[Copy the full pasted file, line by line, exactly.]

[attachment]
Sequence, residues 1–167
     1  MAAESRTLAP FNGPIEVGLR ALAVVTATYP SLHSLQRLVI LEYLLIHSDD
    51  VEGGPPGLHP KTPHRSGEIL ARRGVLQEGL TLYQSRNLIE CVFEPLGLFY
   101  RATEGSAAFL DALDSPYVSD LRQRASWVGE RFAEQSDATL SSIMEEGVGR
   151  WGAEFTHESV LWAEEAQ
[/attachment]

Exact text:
Sequence, residues 1–167
     1  MAAESRTLAP FNGPIEVGLR ALAVVTATYP SLHSLQRLVI LEYLLIHSDD
    51  VEGGPPGLHP KTPHRSGEIL ARRGVLQEGL TLYQSRNLIE CVFEPLGLFY
   101  RATEGSAAFL DALDSPYVSD LRQRASWVGE RFAEQSDATL SSIMEEGVGR
   151  WGAEFTHESV LWAEEAQ